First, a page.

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Pfizer vaccines for kids age 5 to 11 soon expected in Nevada


By SAM METZ AP / Report for America

CARSON CITY, Nev. (AP) — Nevada health officials are expecting to receive 95,000 kid-sized coronavirus vaccines as soon as next week, ahead of the expected final federal approval of the shots for 5- to 11-year-olds.

They are coordinating with pediatricians, family practice clinics and other health care providers to distribute the approved doses produced by Pfizer. A Food and Drug Administration advisory panel endorsed the vaccines for children on Tuesday and the U.S. Centers for Disease Control is expected to issue its formal recommendation next week.

“Vaccinating school age children is vital and will help them to have more days in the classroom and fewer interruptions to in-person learning,” state epidemiologist Melissa Peek-Bullock said.

In Nevada, 56% of the population 12 and older is vaccinated against COVID-19. When the state accounts for children — including 276,000 ages 5-11 — the figure drops to 48%. Officials said Thursday that they hope expanded eligibility will help them increase the share of the population that’s been vaccinated.

The coronavirus has slightly subsided among children ages 5-11. In early October, about 122 per 100,000 were testing positive weekly. School cases have declined, but children have still had to miss class, setting off a domino effect of consequences including their parents staying home from work.

Officials said they hoped expanding vaccine eligibility to children would help prevent the virus from spreading to other age groups and prevent community spread. At this stage, they do not plan on considering any school vaccine mandates until full FDA approval of the vaccines for children.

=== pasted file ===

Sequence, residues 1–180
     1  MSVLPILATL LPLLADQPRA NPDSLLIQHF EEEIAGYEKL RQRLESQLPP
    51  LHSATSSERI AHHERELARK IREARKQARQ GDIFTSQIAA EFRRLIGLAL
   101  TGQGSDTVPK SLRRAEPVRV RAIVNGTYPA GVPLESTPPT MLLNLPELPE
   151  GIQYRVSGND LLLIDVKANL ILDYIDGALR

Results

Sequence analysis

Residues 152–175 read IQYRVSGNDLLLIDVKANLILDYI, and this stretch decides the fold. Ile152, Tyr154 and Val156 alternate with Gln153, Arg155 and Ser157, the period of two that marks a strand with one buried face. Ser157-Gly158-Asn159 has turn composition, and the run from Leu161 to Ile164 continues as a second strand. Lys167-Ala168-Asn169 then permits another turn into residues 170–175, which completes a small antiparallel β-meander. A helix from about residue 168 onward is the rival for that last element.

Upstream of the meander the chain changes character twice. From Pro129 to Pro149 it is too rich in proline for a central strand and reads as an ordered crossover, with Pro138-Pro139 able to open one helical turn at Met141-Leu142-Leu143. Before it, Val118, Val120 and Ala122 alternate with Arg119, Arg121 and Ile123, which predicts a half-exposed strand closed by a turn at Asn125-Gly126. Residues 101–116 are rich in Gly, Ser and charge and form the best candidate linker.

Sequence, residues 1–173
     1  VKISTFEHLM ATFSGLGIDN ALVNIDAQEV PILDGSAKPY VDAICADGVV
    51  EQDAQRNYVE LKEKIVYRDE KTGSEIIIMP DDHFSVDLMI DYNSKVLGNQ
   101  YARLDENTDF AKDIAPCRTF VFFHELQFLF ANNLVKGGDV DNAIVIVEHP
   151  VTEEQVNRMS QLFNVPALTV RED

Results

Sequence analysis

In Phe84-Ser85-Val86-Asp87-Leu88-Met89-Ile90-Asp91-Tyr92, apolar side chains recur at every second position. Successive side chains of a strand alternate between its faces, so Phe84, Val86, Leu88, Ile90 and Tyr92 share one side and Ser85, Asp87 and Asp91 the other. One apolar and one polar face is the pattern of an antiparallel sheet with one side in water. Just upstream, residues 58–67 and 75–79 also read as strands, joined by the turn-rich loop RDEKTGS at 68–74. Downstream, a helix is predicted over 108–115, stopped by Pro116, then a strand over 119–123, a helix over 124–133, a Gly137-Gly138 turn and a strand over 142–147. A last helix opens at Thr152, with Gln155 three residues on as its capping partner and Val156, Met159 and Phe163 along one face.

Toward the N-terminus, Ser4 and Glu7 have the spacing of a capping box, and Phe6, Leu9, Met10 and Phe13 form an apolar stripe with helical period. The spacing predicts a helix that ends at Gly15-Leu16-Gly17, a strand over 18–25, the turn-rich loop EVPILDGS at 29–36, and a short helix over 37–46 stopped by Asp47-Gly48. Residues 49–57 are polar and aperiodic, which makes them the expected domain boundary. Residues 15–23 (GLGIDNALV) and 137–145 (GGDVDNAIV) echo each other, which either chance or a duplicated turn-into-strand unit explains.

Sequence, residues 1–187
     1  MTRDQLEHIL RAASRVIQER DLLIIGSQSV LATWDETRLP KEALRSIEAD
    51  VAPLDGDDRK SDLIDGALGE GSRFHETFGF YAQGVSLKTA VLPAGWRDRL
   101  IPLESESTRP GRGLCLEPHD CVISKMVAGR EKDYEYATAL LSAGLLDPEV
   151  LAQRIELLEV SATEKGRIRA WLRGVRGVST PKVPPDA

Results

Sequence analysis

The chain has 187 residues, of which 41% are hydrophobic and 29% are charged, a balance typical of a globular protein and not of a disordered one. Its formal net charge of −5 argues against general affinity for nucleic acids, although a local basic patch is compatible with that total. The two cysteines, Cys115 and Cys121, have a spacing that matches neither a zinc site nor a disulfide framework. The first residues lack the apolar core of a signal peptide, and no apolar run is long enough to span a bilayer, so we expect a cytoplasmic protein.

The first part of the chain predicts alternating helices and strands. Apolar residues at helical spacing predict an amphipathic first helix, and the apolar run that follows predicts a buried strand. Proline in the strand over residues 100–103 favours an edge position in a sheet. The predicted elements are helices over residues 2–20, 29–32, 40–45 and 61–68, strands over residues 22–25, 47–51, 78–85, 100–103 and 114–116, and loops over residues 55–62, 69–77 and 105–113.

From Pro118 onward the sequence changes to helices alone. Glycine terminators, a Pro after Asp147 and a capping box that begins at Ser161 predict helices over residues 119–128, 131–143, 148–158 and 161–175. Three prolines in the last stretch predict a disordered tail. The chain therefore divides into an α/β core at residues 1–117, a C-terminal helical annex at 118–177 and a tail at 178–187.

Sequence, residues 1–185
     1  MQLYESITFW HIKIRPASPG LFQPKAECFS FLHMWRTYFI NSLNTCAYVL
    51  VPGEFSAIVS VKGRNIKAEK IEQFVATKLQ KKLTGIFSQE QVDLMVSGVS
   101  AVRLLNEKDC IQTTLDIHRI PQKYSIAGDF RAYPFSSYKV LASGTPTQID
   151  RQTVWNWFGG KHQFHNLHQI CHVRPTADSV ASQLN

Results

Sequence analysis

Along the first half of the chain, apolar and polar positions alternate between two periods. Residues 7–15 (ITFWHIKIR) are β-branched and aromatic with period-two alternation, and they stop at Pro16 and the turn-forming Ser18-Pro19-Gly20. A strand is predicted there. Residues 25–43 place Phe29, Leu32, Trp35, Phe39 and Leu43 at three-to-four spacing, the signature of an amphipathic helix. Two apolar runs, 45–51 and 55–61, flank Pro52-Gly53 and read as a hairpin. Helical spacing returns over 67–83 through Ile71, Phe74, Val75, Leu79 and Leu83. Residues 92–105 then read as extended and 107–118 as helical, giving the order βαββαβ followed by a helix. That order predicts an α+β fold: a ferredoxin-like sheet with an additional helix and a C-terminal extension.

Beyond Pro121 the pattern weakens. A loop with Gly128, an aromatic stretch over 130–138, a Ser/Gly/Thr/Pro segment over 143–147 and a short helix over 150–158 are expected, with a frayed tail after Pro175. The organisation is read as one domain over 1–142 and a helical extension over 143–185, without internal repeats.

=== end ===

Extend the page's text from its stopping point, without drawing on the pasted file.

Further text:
Nevada has historically struggled with some of the country’s lowest influenza vaccination rates, including among children ages 5-12, according to the CDC. This year, the state will encourage newly eligible children to get vaccinated against the flu and COVID-19 at the same time, based on recommendations from the CDC and American Academy of Pediatrics.

Candice McDaniel, deputy director for the Department of Health and Human Services, said she hopes the focus on coronavirus vaccines will help the state buoy its influenza vaccination rates.

“Public health as a whole has been highlighted through this response,” she said. “My personal hope, being a public health servant, is that our families across Nevada really value the tools that we have to fight things like like flu.”

Karissa Loper, a Health Bureau Chief in the Nevada Department of Health and Human Services, said the health care provider shortages that have made inoculating the population against the flu difficult in the past aren’t as much of an issue with the coronavirus because a lot more are engaged with the state’s highly publicized vaccination efforts.

Based on lessons from efforts to vaccinate against the flu, the state is working to engage pediatricians and family practices to administer doses in their offices and also answer questions at large vaccination events, Loper said.

Health officials are ensuring certain kinds of doctors like pediatricians will be present at the large vaccination sites and events based on lessons from efforts to vaccinate against the flu, she added. 

Metz is a corps member for the Associated Press/Report for America Statehouse News Initiative. Report for America is a nonprofit national service program that places journalists in local newsrooms to report on undercovered issues.

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